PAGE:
3 Simple Ways to Keep Your Emails from Going to Spam
This post was contributed.
Despite the potential for high ROI, email marketing does have its challenges.
Building a subscriber base, maintaining different email lists, deciding on the perfect formatting, obsessing over the little details in the copy — the roster of short and long-term details to stay on top of runs long.
However, it’s not the array of angles that make email marketing a thorn in marketers’ lives. It’s spending time, energy and money crafting an email, only to have it reach nobody.
Indeed, spam filtering is getting more intense. In fact, it’s estimated that 20 percent of commercial emails don’t reach the inbox of the intended subscriber.
By following a few simple strategies, though, usually, your marketing newsletter can reach the intended recipient.
How to Keep Your Marketing Newsletter out of Spam
Instruct Subscribers to Whitelist in Your Welcome Email
Several factors determine whether your marketing newsletter makes it into inboxes, but success usually boils down to engagement. That’s why it’s important to get past a major hurdle from the onset: ask your subscribers to whitelist you. When this happens, you’ll be in contact lists, and saved from spam filters.
Every bit of perceived professionalism makes subscribers more likely to follow through with the whitelisting. Taking advantage of clean and professional site designs, such as the stylish free website templates from platforms like Shopify lend extra credibility.
And since you’ll never be as fresh in a subscriber’s head as the moments after they sign up for your newsletter, you should ask in your welcome email.
[Host blogger’s comments: This is a form of targeted email marketing. You’re targeting your new subscribers.]
Write compelling copy that explains why the subscriber should whitelist you, and include clear instructions of how to do so for each of the leading email clients (Gmail, Apple Mail, Outlook and Yahoo!)
Get Your Emails Out of the Promotional Tab
Over 68 percent of Gmail’s incoming emails are labeled as promotions. The read rate on those emails? Just 19 percent. These are considerable metrics upon which to focus, given 1.5 billion people have Gmail accounts across the world, this likely includes a substantial chunk of your subscriber base.
Like your whitelist email, include clear instructions (with screenshots) of how contacts can take you out of the promotions tab. Unlike asking to be whitelisted, send a separate email segmented to only Gmail users. You can sort by email client in your email marketing platform.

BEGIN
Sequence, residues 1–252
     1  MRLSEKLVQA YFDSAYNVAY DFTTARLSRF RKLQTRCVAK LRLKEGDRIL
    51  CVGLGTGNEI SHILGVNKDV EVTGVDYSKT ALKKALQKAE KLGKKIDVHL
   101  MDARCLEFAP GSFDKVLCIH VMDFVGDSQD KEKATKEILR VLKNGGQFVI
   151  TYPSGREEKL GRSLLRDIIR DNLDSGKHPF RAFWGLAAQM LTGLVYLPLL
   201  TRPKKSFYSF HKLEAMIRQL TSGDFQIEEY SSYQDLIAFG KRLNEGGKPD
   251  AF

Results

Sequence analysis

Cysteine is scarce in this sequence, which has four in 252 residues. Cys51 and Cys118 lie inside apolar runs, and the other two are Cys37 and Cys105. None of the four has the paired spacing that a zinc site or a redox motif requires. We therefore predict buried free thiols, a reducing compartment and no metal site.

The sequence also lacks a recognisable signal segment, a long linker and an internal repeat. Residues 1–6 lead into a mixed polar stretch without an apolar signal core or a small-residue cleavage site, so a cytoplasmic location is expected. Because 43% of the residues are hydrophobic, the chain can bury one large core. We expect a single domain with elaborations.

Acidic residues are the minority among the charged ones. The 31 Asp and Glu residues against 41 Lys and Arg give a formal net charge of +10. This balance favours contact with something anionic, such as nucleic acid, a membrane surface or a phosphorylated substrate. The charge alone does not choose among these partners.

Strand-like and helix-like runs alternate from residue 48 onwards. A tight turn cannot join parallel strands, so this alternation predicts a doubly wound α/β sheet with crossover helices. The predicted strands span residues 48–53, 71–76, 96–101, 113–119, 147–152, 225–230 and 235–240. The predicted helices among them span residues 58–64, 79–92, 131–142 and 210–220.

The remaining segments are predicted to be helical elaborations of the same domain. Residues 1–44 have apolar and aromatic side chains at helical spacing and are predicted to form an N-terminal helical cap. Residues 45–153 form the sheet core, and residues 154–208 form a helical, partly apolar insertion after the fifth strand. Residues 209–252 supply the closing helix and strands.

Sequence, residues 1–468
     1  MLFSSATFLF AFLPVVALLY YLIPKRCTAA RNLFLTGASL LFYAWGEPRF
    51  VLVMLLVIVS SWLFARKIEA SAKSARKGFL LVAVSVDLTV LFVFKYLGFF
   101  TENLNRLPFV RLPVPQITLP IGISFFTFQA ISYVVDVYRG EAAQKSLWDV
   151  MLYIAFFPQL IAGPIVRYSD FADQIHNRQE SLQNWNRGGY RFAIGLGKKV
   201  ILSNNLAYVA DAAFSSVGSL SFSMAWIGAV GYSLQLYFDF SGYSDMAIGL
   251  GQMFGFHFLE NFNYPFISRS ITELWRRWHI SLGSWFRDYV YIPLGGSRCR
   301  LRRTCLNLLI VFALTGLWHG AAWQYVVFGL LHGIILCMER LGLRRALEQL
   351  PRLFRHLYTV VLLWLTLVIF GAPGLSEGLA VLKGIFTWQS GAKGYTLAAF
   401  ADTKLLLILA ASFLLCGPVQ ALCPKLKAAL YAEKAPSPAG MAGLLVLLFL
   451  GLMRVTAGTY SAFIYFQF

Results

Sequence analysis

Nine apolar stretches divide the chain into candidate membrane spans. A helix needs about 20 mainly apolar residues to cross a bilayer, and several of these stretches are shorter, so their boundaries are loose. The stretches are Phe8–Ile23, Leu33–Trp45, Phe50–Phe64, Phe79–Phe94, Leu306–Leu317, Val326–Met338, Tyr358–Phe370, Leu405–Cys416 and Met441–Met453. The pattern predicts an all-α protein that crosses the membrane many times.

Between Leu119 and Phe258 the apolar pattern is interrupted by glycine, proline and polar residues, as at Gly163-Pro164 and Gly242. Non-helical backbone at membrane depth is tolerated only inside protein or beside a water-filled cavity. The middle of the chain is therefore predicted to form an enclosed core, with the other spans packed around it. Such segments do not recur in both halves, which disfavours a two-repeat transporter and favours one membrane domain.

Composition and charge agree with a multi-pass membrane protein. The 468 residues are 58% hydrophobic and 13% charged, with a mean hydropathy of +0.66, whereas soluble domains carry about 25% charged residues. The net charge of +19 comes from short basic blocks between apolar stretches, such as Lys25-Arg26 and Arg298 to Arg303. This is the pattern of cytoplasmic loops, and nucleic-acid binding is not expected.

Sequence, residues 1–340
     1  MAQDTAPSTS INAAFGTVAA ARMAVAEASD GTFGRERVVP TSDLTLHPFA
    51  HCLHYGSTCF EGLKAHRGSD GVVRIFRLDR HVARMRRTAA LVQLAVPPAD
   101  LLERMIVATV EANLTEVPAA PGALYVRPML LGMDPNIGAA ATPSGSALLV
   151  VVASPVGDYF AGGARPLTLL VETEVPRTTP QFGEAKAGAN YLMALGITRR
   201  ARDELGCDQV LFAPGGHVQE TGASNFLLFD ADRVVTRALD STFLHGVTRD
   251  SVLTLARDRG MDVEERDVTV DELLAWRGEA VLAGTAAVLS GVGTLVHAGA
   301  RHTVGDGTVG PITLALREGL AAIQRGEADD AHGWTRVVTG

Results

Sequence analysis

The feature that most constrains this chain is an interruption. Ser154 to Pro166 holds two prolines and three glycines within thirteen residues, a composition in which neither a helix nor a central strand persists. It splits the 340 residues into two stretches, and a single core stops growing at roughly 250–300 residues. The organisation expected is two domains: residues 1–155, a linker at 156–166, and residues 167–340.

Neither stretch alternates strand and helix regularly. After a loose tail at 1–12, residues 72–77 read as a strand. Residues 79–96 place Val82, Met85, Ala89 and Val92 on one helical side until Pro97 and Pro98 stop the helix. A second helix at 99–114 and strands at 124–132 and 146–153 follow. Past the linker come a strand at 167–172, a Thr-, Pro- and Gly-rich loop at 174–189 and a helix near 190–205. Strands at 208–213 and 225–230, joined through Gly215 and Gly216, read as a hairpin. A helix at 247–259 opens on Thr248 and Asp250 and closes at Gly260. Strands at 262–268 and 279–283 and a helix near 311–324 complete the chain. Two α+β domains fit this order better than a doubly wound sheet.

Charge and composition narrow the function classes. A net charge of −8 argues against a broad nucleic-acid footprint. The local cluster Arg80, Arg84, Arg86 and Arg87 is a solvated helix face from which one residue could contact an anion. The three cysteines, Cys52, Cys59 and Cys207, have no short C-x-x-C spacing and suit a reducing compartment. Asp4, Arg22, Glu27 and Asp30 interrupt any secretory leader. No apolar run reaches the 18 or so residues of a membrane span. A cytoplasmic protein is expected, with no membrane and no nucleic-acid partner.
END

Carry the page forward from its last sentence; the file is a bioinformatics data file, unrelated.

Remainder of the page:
Have Your Subscribers Create a Folder for Your Emails
To ensure subscribers never miss communications from you, ask them to carve out a dedicated spot in their inbox for you. That’s right, get your own folder. Why does it matter if subscribers create a folder for your marketing newsletter? Because the average person gets bombarded with emails all day long. The average white-collar worker gets around 90 emails per day. Your emails could be whitelisted and still easily passed over. The same thing can happen even if you’re in the primary tab. But when you have a folder, subscribers can access your marketing newsletter whenever they want.
You’ll want to send these instructions in a dedicated email as well. There’s no need to sort users by email client since every inbox offers folder functionality. Just be clear with users that they shouldn’t automatically filter your emails into a folder. Otherwise, your messages may be overlooked.
For many businesses, the difficult part about email marketing isn’t getting contact information, but instead keeping subscribers aware of the emails you send. You’ll need to do a lot of things right if you want to avoid being labeled as spam, but these three ways will go a long way toward your efforts.
This post was made possible by the support of our readers.
Please share so email marketers know how to boost the chances that the marketing newsletter will make it into the email inbox and not the spam folder.
Do you have any helpful email marketing tips? I look forward to your comments.